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Distinct Patterns of Emergence and Fading of K103N and Y181C in Women With Subtype A vs. D After Single-Dose Nevirapine: HIVNET 012

Eshleman, Susan H MD, PhD*; Guay, Laura A MD*; Wang, Jing MS; Mwatha, Anthony MS; Brown, Elizabeth R PhD†‡; Musoke, Philippa MBChB§; Mmiro, Francis MBChB§; Jackson, J Brooks MD, MBA*

JAIDS Journal of Acquired Immune Deficiency Syndromes: September 1st, 2005 - Volume 40 - Issue 1 - p 24-29
doi: 10.1097/01.qai.0000174656.71276.d6
Clinical Science

Background: The HIVNET 012 trial in Uganda demonstrated that single-dose nevirapine (NVP) can prevent HIV-1 mother-to-child transmission. NVP resistance (NVPR) mutations were detected in 25% of women 6 to 8 weeks after NVP, with a higher rate of NVPR in women with subtype D than A. This study examined emergence and fading of specific NVPR mutations in women with these subtypes.

Methods: Plasma HIV-1 was analyzed with the ViroSeq genotyping system (Celera Diagnostics, Alameda, CA). Genotypes were obtained from paired samples collected 7 days and 6 to 8 weeks after NVP from 140 women, 83 with subtype A and 57 with subtype D.

Results: The rate of NVPR was similar in women with subtype A vs. D at 7 days but was higher in subtype D than A at 6 to 8 weeks. The higher rate of NVPR in subtype D was explained by at least 2 factors: Y181C faded from detection at a greater rate in women with subtype A (odds ratio = 3.06; 95% CI, 1.04, 8.90) and K103N accumulated at a greater rate in women with subtype D (odds ratio = 1.74; 95% CI, 0.62, 4.87).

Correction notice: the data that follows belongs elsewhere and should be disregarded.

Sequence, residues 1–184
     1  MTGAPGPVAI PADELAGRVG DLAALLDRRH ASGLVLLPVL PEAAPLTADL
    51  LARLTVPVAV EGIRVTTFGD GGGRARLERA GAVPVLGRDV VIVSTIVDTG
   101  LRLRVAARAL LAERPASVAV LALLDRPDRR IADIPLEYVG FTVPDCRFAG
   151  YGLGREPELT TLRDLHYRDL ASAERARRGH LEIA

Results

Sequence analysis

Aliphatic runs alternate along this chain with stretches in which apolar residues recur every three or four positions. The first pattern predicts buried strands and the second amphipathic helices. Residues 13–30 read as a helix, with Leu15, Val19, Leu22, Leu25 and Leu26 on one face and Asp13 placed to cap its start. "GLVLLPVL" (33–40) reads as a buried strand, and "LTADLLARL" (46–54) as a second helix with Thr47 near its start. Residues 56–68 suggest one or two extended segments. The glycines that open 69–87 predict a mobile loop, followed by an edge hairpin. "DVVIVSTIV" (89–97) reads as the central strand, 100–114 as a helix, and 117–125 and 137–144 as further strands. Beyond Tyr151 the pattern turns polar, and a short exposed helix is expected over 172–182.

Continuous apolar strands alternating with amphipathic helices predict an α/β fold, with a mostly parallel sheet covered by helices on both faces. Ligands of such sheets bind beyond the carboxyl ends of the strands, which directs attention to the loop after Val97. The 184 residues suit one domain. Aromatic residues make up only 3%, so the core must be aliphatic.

Conclusions: HIV-1 subtype influences selection and fading of HIV-1 variants with specific drug resistance mutations after antiretroviral drug exposure.

From *The Johns Hopkins Medical Institutions, Baltimore, MD; †Fred Hutchinson Cancer Research Center, Seattle, WA; ‡University of Washington, Seattle, WA; and §Makerere University, Kampala, Uganda.

Received for publication January 13, 2004; accepted June 10, 2005.

Supported by (1) the HIV Network for Prevention Trials (HIVNET) and sponsored by the US National Institute of Allergy and Infectious Diseases (NIAID), National Institutes of Health (NIH), Dept. of Health and Human Services (DHHS), through contracts with Family Health International (N01-AI-35173 and Fred Hutchinson Cancer Research Center (N01-AI-45200) and a subcontract with Makerere University (NOI-AI-35173-417); (2) the HIV Prevention Trials Network (HPTN) sponsored by the NIAID, National Institutes of Child Health and Human Development (NICH/HD), National Institute on Drug Abuse, National Institute of Mental Health, and Office of AIDS Research, of the NIH, DHHS (U01-AI-46745 and U01-AI-48054); (3) the Adult AIDS Clinical Trials Groups (NIH, Division of AIDS, NIAID, U01-AI-38858); and (4) R01-HD042965-01.

Reprints: Susan Eshleman, Department of Pathology, The Johns Hopkins Medical Institutions, Ross Bldg. 646, 720 Rutland Ave., Baltimore, MD 21205 (e-mail: seshlem@jhmi.edu).

© 2005 Lippincott Williams & Wilkins, Inc.